Penny Arcade was one of Rochester NY’s most revered rock clubs

The Penny Arcade was one of the most revered rock music clubs in Rochester history.

The bar was on the northernmost part of Lake Avenue in Charlotte and one of the oldest clubs in the area. Musicians like Bon Jovi, Foghat, Bad Company, Gregg Allman and Joan Jett have played at the Arcade, but the place has always been closely identified with its founder and longtime owner, Greg Sullivan.

Sullivan opened the club at 4785 Lake Ave. in 1973, when he was fresh out of college. He took over a location that had housed a pizzeria and before that a shop window. The Arcade quickly became a favorite among the long-haired, hard-rocking, hard-partying crowds of the 1970s.

The Penny Arcade changed hands several times in its later years, but always had a hard rock edge to it. “Thrash-rock” or “speed metal” succeeded heavy metal in later incarnations. Local rockers knew they were hitting it big when they performed on the Arcade stage.

Lisa Falardeau-Inzana worked there from 1977 to 2000, starting as a waitress before becoming a bartender and then manager of the club. She remembers the golden age of the Arcade from 1975 to 1990.

Greg Sullivan stands outside the Penny Arcade on Lake Avenue in 1985.

“We never had less than 300 to 400 people there, and on the weekend, we had 600 or 700,” says Falardeau-Inzana, who still lives in the Charlotte district. Sullivan “was a huge mentor to a lot of musicians. People would sit in his office and talk to him for hours. There were so many famous people in that room, it’s unbelievable.”

Falardeau-Inzana was working the night shift when Billy Joel, in town for a 1986 concert at the War Memorial, stopped by the Arcade unannounced. “He came with his little entourage,” she said. “He partied a bit and went on his way.” The Metallica members came over while they were recording locally, she said, but like Joel, they didn’t play the Arcade.

Kevin DeHond was a bartender at Penny Arcade from around 1977 to 1986. He remembers a few nights of loud entertainment and more than a few stories of ribaldiness.

“People were a little crazy back then,” said DeHond, who still lives in Charlotte. “We had two dressing rooms. God only knows what was going on there.”

Sullivan always booked groups uphill or downhill. DeHond revealed a few other favorites, like Robin Trower, Molly Hatchet and Iron Butterfly. John Valby, a McQuaid-educated Jesuit nicknamed “Dr. Dirty” for his obscene piano songs, was a regular. Years later, acts included bands like Saxon and Biohazard.

DeHond said the Penny Arcade has partnered with radio stations WCMF and WSAY to influence an entire generation of musicians and clubbers.

Cappy and the French perform at Penny Arcade.  Left to right are Bob Hill, Mike Honser and Cliff Owens.

“Although the Penny Arcade has undergone many changes over the years, its importance to the Rochester music community has never been greater than it was in the late 1970s and early 1980s. “, DeHond wrote in an email. “Although there were other fine venues during this time, NONE came close to influencing Rochester’s musical culture.”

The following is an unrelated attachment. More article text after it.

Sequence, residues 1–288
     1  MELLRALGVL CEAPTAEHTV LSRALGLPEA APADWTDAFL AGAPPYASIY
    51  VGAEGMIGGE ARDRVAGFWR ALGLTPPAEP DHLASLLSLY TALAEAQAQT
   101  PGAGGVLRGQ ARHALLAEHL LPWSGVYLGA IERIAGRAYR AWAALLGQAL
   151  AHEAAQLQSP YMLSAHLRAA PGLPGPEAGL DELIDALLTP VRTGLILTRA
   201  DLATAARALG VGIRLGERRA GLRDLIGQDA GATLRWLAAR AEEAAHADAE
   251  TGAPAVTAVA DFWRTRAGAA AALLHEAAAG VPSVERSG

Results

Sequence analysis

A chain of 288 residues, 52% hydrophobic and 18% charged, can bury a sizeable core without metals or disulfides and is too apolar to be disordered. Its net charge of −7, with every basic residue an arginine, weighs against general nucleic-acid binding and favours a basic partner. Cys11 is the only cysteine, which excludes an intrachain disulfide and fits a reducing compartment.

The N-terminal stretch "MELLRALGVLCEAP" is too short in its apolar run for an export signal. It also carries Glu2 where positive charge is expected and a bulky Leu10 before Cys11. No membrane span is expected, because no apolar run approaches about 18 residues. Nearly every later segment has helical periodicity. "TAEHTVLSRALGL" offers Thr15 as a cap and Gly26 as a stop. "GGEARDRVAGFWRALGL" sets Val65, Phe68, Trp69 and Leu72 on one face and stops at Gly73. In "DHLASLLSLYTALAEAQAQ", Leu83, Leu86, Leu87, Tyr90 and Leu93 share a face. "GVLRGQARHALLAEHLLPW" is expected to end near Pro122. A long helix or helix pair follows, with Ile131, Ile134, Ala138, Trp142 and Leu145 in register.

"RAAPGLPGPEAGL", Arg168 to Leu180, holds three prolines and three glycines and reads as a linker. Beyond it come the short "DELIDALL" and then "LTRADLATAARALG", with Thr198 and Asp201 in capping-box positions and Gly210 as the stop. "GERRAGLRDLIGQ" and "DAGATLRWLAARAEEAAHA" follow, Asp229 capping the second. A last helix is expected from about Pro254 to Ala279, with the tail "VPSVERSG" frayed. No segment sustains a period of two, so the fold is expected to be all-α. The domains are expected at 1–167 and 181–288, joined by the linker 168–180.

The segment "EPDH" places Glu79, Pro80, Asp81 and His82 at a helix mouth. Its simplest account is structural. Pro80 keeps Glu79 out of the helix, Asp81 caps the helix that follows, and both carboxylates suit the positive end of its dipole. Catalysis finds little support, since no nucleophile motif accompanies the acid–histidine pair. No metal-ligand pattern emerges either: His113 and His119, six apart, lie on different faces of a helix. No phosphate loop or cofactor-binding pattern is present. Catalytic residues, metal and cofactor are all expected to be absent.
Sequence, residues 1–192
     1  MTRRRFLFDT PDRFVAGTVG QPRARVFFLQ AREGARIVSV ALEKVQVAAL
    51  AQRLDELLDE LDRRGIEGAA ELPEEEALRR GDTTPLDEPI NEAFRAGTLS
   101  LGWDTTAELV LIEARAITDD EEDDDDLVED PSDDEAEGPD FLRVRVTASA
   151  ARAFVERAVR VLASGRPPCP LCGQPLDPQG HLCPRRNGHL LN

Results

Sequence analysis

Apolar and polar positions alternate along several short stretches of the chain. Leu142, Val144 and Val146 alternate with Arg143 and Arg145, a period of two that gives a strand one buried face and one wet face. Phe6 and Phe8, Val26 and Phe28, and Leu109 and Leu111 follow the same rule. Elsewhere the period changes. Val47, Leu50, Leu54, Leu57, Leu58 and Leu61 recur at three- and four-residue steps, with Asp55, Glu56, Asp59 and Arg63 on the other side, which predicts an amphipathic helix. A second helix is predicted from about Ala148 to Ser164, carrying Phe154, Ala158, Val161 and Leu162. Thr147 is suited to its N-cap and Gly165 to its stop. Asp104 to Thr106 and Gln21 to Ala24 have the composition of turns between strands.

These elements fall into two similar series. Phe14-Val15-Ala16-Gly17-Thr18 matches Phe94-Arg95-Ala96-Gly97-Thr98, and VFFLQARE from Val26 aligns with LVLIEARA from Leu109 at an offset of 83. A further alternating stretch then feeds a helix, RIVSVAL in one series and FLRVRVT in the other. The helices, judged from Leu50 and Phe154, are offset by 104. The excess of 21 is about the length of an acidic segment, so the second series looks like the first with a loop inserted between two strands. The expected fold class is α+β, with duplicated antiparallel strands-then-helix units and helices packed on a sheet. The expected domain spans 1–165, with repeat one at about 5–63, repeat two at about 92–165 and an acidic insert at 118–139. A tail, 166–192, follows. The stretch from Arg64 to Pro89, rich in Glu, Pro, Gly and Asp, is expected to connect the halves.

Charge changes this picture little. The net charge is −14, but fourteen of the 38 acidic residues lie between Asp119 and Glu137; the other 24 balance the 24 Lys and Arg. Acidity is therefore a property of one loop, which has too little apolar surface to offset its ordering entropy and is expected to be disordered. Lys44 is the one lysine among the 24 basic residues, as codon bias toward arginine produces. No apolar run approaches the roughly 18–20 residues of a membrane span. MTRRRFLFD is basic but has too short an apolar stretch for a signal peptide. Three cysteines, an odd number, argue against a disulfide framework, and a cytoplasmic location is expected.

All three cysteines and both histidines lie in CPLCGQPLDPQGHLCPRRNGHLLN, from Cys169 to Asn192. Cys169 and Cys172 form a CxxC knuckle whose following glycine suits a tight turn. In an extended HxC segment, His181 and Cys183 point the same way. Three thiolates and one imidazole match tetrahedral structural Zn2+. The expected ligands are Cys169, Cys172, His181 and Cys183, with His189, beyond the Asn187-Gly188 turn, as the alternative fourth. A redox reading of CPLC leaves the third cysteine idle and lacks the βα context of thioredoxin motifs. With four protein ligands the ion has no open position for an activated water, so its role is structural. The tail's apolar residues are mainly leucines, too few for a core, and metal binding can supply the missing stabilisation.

And that was largely down to Sullivan. He sold the Arcade in 1992, but got the place back a few years later. When plans to close the Arcade were announced in early 1995, Sullivan responded within days, saying he was coming back and swearing, “The Penny Arcade isn’t going to fold up and disappear… This is my life. “

Democratic music critic and longtime columnist Jeff Spevak called the Arcade “Rochester’s best bet to catch a heavy metal act in years.” He also called the club the city’s “longtime noise temple” and said the Arcade might have had the best sound system in town. Spevak described the appeal of the bar in a 1999 Democrat and Chronicle article.

“The 1970s and 1980s were a classic time for rock, a time when the guitarists had hair like Farrah Fawcett and the lead singer had a tattoo in their pants,” Spevak wrote. “The Arcade always celebrates the era with tribute bands.”

Among the club’s treasures, he noted, were a plastic beer bucket autographed by former Ozzy Osbourne guitarist Zakk Wylde and a cardboard cutout of Ozzy signed by Ozzy himself.

Sullivan sold the club again in 2000, and the Arcade underwent a few ownership changes before closing for good in 2009. Sullivan died last year after suffering a serious heart attack at home. The bar he ran for years is now called Lake Siders Bar & Grill, but the presence of Sullivan and the Arcade is still strongly felt.

A plaque on the front reads: “In memory of Greg Sullivan/founder of the Penny Arcade/”Rochester’s Rock Concert Night Club”. The large Penny Arcade sign still sits at the top of the club, above the marquee Lake Siders in front of the Penny Arcade memorabilia has nearly 3,500 members.

“When Greg died, it was horrible,” Falardeau-Inzana said. “It was like losing my father, my favorite teacher. He was always very good to us.”

Sullivan’s widow, Lana, met her husband at the Penny Arcade. A 2015 Democrat & Chronicle story said she ran a funeral home just down the road from the bar.

“The Penny Arcade meant a lot to me,” said Lana Sullivan. “My bridal shower was there. My baby shower was there. It was kind of an institution. I still feel like Greg is there.”

What happened to…? is a report on the Rochester haunts of yesteryear and is based on our archives.

Morrell is a freelance writer based in Rochester.

Editor’s Note: This story was originally published in July 2015.

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